Reviews

The Night Alive ****

                         By: David Sheward

Ciarán Hinds, Michael McElhatton

Many of Irish playwright Conor McPherson’s works such as The Weir, Shining City, St. Nicholas, and The Seafarer feature ghosts, vampires, and devils as metaphors for the forces of loneliness and bad luck that oppress his misbegotten characters. In his The Night Alive, now at the Atlantic Theater Company-in a spare and shattering production directed by the author from London’s Donmar Warehouse-there are no supernatural forces at play, only the demons of alienation and desolation besetting a group of downtrodden Dublin folk. There are no histrionics, tears, or melodrama here, just five believable people trying to cope with the bad hand life has dealt them.

                         By: David Sheward

Ciarán Hinds, Michael McElhatton

Many of Irish playwright Conor McPherson’s works such as The Weir, Shining City, St. Nicholas, and The Seafarer feature ghosts, vampires, and devils as metaphors for the forces of loneliness and bad luck that oppress his misbegotten characters. In his The Night Alive, now at the Atlantic Theater Company-in a spare and shattering production directed by the author from London’s Donmar Warehouse-there are no supernatural forces at play, only the demons of alienation and desolation besetting a group of downtrodden Dublin folk. There are no histrionics, tears, or melodrama here, just five believable people trying to cope with the bad hand life has dealt them.

The action revolves around Tommy, a middle-aged drifter, divorced from his wife, and estranged from his two children. His only asset is a van, which allows him to perform odd jobs with his loopy mate Doc, who is even more unsettled, having just been thrown out of his sister’s house. Tommy lives in a disheveled room in the house of his uncle Maurice, a gruff old man drowning himself in booze over his wife’s recent death. This dysfunctional, makeshift family is thrown into a chaotic whirlwind when Tommy rescues Aimee, a pathetic sometime prostitute, from her psychotic boyfriend Brian.

The Irish cast gives decidedly unflashy performances. Ciarán Hinds, who has been virile and commanding as Julius Caesar on the HBO series Rome and as Big Daddy in the last Broadway revival of Cat on a Hot Tin Roof, is almost unrecognizable as the unshaven, rootless Tommy. This is a guy you might pass on the street in any city and not give him a second thought. Hinds doesn’t wear Tommy’s sorrow on his sleeve, he covers it up with jokes and brash bravado. So when he bears his heart to Aimee in a brief plea for her to stay with him, it’s devastating. Likewise, Caoilfhionn Dunne doesn’t give us actress-y tears or screaming fits to demonstrate Aimee’s dodgy mental condition. She seems to be moving through a fog, which breaks only occasionally. It’s a frighteningly real depiction of a woman unable to connect and struggling to overcome her lack of affect.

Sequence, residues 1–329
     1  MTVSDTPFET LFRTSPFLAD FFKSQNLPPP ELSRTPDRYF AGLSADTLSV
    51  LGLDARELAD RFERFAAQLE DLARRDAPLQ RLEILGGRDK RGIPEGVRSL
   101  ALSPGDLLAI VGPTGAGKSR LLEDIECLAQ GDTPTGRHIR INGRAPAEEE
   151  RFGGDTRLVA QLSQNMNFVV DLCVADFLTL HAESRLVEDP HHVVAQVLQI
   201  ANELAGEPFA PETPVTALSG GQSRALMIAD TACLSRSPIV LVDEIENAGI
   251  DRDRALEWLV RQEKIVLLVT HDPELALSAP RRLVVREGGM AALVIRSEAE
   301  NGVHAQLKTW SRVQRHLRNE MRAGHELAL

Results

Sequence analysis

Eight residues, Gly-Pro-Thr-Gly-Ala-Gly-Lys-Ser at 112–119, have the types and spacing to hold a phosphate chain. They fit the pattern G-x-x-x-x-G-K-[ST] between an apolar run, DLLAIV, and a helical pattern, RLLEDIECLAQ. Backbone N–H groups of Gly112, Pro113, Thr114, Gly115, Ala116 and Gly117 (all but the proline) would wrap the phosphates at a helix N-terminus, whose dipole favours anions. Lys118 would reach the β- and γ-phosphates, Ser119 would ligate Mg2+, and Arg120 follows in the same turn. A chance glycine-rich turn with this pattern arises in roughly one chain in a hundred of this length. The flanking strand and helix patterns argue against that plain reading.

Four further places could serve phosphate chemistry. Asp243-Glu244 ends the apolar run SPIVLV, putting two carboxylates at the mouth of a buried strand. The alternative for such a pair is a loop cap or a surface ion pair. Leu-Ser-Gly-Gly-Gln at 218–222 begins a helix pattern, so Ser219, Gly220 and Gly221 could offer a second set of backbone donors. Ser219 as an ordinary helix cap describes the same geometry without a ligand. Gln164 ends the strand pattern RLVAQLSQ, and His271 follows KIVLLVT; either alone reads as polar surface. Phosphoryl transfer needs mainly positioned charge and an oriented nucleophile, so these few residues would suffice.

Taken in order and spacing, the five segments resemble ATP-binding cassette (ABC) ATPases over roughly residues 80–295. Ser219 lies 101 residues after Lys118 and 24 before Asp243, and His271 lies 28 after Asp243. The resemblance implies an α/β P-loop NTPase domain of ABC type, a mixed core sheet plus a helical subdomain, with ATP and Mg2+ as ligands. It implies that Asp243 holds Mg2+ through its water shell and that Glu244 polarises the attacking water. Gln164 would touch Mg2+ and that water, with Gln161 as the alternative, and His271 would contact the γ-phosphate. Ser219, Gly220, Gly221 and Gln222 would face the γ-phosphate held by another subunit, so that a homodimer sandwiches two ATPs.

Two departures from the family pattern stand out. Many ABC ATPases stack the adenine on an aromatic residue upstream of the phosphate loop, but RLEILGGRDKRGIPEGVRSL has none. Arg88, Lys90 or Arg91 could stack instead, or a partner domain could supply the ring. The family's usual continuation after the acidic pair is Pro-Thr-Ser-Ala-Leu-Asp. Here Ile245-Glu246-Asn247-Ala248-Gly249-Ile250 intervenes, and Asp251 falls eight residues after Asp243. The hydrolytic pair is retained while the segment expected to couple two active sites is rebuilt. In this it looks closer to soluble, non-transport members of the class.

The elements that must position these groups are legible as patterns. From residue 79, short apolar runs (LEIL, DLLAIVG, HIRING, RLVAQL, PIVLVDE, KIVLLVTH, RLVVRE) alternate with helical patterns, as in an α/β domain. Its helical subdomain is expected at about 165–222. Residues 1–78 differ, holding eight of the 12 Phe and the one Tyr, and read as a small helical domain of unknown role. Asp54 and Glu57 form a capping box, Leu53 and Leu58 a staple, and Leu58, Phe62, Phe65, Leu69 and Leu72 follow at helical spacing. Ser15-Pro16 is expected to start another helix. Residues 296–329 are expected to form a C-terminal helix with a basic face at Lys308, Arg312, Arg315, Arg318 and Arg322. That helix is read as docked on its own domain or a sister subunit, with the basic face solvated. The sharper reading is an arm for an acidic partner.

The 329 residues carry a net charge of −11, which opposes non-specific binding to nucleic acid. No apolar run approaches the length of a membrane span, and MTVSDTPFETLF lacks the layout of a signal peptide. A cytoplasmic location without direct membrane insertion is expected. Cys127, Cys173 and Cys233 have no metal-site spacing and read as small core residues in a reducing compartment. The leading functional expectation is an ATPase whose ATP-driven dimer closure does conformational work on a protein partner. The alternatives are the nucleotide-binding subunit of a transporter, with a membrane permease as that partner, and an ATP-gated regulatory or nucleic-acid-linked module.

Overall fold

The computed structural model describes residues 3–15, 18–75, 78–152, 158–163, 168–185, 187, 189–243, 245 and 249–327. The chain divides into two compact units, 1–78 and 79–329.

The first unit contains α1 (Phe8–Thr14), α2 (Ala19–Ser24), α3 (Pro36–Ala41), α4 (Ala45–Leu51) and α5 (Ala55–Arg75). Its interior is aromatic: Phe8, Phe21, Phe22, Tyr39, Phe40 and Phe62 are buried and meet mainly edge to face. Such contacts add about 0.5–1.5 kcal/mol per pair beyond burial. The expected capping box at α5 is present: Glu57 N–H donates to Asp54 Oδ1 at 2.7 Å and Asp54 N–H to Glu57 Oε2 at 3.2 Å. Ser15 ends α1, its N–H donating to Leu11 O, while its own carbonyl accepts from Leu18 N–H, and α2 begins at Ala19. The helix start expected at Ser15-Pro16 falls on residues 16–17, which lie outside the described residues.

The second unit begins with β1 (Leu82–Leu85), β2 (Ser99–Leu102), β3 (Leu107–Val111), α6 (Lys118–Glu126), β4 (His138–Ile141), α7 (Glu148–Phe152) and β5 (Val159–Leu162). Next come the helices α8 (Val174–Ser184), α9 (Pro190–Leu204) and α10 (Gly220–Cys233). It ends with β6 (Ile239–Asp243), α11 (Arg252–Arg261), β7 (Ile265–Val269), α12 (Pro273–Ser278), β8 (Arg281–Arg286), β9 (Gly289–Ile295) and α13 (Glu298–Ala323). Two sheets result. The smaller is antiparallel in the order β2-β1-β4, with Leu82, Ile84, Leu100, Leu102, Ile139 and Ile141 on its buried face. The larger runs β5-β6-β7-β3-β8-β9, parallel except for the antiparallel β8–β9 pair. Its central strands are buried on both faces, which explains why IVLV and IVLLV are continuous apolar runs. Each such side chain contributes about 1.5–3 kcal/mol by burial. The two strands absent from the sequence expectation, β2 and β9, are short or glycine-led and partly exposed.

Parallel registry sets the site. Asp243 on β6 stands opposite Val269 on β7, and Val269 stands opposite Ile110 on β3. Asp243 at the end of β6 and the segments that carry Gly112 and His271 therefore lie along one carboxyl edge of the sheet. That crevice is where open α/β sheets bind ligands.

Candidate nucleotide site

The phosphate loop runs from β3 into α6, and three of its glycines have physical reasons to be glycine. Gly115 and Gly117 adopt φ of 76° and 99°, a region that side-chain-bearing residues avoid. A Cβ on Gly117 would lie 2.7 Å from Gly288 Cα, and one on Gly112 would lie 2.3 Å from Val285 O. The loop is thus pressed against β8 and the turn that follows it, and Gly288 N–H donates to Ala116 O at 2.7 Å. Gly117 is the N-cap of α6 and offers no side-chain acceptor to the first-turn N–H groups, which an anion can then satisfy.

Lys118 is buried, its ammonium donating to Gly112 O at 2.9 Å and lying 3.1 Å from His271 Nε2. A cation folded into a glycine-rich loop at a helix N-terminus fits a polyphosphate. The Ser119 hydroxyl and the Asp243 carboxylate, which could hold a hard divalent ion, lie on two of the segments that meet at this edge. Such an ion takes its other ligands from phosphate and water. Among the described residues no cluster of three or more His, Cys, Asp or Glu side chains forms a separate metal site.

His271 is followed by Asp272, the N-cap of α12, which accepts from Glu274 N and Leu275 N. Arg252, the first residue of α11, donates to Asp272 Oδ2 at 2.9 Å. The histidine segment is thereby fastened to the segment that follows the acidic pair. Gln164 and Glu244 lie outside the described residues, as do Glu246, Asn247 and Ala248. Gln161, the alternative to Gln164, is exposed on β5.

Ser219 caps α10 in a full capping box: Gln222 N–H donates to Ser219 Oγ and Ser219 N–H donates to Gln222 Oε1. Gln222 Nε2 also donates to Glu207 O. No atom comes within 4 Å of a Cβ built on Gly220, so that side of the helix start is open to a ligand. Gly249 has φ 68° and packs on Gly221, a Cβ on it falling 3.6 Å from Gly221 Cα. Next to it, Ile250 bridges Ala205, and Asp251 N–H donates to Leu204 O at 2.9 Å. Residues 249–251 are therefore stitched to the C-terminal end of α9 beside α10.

Jim Norton makes Maurice’s grief over his wife and disappointment over Tommy part of the man’s skin. He has accepted his sorry lot and only bemoans it when he has got a snootful. Michael McElhatton’s puppy-ish Doc is simultaneously lovable and infuriating. The guy is endearingly naïve, yet so clueless as to drive Tommy up the wall. Brian Gleeson is appropriately menacing as the dangerous Brian. He doesn’t telegraph the character’s psychosis, which makes it all the more scary.

Kudos to Soutra Gilmour’s grubby and gritty setting and costumes, Neil Austin’s moody lighting, and J. David Brimmer who has the unique program credit of "violence consultant." The violence, like every other element of the production, is subdued and admirably lifelike.

Dec. 12-Feb. 2. Atlantic Theater Company, 336 W. 20th St., NYC. Tue 7pm, Wed 2pm & 8pm, Thu-Fri 8pm, Sat 2pm & 8pm, Sun 3pm. Running time 1 hour and 45 minutes, no intermission. $65. (866) 811-4111. www.ovationtix.com
Photo: Helen Warner

Originally Published on December 21, 2013 in ArtsinNY.com

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